In the meantime, investment is still being made while Yangon is expanding. The Directorate of Investment and Business Administration said that 143 companies from abroad were allowed to make investment in Yangon in 2017-18, while 45 Burmese community companies made investment during the same time. This also attracts inhabitants from other federal states and areas to the town looking for work.
"Over 8,000 new workplaces were generated by new investment in 2017-18, many of which came from the clothing industry," said U Myint Thaung, Secretary of State for Spatial Affairs and Finances this months. As a consequence of rapid developments, one of Yangon's greatest challenges is to provide new and internally-displaced people with adequate and accessible accommodation and to combat squatter.
Yangon's total populace is projected to increase by more than 40 per cent to 10 million over the next 20 years. Kyaw Naing, an engineering graduate from Mayangoneownship, said that emergency shelters against squatting, unemployment and electricity and plumbing must be available when new Yangon development is underway.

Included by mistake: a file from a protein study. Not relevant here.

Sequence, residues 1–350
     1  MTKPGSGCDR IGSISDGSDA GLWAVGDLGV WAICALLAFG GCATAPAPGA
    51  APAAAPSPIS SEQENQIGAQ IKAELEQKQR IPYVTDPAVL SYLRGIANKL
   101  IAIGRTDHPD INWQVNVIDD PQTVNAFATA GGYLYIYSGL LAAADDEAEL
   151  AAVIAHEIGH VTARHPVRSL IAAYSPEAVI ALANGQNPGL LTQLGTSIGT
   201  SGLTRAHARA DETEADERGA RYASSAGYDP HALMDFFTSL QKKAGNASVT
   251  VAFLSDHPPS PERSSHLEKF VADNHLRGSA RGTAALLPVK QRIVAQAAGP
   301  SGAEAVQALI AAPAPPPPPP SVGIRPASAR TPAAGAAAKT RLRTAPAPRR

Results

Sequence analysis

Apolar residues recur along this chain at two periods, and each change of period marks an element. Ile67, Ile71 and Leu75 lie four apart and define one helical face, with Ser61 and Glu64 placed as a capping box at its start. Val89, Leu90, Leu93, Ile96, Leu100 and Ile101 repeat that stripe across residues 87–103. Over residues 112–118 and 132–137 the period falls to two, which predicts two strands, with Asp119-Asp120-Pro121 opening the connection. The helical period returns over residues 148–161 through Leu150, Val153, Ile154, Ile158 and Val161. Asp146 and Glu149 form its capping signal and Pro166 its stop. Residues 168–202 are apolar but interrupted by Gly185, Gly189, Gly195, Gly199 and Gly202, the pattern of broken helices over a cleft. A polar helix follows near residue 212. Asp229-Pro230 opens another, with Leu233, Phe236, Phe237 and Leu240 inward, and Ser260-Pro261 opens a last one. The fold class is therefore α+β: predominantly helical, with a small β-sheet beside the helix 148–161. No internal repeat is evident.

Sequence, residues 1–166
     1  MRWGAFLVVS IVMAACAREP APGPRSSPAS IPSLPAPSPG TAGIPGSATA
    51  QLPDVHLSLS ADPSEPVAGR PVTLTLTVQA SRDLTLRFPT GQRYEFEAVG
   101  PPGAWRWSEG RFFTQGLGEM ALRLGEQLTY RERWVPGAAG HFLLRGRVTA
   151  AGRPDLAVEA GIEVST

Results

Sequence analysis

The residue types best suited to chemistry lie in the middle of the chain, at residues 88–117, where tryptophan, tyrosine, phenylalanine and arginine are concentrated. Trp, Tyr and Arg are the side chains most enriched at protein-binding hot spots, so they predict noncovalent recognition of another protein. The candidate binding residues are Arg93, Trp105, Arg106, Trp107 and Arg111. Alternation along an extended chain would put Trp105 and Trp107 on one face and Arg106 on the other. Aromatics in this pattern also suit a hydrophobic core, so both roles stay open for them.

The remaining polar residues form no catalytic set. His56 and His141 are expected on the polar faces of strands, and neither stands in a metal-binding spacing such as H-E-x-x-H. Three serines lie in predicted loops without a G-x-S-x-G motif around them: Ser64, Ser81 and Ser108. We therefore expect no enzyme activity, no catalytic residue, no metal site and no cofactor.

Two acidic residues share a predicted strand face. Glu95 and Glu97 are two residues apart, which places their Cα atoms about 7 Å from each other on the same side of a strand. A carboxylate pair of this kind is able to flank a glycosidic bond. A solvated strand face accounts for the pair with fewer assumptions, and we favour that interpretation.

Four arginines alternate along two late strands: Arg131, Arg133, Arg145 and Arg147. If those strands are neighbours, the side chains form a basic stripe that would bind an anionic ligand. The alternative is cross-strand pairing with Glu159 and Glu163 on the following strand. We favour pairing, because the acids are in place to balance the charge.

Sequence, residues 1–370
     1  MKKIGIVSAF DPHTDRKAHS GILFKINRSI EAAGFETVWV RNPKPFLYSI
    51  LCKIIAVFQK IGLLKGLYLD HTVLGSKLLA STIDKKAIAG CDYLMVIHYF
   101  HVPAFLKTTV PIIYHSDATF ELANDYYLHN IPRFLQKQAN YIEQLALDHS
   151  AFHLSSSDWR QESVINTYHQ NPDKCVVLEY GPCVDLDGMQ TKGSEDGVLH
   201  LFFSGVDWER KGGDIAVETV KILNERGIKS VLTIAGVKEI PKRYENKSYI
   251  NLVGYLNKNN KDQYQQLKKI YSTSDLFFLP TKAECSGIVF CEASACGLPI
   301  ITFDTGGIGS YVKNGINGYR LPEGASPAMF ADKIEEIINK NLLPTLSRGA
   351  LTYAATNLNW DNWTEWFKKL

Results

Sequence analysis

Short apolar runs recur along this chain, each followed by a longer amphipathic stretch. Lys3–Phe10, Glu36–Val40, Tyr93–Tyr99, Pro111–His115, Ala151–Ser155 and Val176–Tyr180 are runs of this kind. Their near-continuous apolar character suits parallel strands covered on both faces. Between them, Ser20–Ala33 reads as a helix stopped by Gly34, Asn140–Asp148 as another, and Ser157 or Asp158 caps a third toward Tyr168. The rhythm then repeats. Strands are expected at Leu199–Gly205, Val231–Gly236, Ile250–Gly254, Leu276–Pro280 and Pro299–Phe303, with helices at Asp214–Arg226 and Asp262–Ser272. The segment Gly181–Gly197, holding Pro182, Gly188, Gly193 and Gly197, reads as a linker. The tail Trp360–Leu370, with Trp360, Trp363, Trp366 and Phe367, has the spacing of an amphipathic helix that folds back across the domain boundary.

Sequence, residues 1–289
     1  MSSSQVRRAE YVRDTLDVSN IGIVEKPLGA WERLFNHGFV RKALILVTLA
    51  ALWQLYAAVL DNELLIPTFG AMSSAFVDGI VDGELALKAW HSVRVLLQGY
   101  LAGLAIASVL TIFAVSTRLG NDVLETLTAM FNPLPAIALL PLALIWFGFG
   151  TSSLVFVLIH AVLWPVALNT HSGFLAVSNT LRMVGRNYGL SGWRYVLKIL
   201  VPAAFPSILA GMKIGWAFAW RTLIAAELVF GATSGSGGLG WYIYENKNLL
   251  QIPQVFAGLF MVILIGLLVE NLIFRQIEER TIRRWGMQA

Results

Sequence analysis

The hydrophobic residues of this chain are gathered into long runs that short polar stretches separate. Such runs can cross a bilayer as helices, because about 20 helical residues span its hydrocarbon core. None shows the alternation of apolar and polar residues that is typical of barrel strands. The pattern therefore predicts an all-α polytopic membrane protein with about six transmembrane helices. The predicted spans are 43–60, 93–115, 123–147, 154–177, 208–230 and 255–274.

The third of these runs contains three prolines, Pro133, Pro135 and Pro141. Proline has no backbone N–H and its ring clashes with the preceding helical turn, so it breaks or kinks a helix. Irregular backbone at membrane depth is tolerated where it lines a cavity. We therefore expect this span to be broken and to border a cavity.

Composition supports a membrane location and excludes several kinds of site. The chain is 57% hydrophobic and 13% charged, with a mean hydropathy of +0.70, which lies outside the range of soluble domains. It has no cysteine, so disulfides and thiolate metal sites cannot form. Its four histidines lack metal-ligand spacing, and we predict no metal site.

Yangon's administration has not sat idly. In the last two years, the Ministry of Construction has worked with the residential community to create affordable accommodation such as the Shwe Lin Pan Waterfront and Yuzanna Buildings in the Dagon Seikkan Citieship. Others, such as the Ayarwon and Yadanar residential construction schemes, were also partly completed, with the entities each selling for K30 million.
The Yangon state authorities presented an update on the new ?1 trillion residential development project on 4 May, which is to be jointly develop with the public authorities over the next ten years. Eight new residential developments were suggested during the six-month transition phase from April to September. A congressman, Mr Than Naing Oo, pointed out that "under the former regime new properties were built without support infrastructures.
As a result, many of the new urban areas and residential areas still rely on the current infrastructures for local public utilities, which has put the town under even greater strain. "Since some of the new residential areas are already experiencing similar difficulties, the authorities should find out how they can resolve the difficulties before they hurry to construct new housing," he said.
Another stubborn issue in Yangon is the lack of electrical energy. In spite of several pledges to reliably deliver energy to the town, there are blackouts, especially in the summers and the wet seasons. It' s such a shame when the current is interrupted every season," said Ko Myo Aung Htwe, member of the Yangon School of Political Science executive team.